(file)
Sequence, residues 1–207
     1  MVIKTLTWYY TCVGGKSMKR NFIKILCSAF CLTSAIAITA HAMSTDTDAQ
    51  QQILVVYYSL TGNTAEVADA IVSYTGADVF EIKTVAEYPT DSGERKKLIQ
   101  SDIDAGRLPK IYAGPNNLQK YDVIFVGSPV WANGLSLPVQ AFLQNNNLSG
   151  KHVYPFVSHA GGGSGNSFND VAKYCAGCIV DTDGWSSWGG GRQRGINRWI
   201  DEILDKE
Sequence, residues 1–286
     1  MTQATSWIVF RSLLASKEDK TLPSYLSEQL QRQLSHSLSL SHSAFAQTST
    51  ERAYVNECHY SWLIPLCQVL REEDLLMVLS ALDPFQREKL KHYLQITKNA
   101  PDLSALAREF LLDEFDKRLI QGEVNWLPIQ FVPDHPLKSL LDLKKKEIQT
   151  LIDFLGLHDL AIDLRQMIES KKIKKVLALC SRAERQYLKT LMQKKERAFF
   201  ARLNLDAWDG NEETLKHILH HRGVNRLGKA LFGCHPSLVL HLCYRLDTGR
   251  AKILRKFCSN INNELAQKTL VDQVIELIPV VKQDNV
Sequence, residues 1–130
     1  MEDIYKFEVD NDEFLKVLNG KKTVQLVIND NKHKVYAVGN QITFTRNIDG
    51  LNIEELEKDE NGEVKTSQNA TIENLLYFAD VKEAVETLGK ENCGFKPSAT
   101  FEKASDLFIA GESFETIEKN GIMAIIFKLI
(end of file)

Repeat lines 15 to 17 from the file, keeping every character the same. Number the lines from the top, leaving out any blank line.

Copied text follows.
     1  MEDIYKFEVD NDEFLKVLNG KKTVQLVIND NKHKVYAVGN QITFTRNIDG
    51  LNIEELEKDE NGEVKTSQNA TIENLLYFAD VKEAVETLGK ENCGFKPSAT
   101  FEKASDLFIA GESFETIEKN GIMAIIFKLI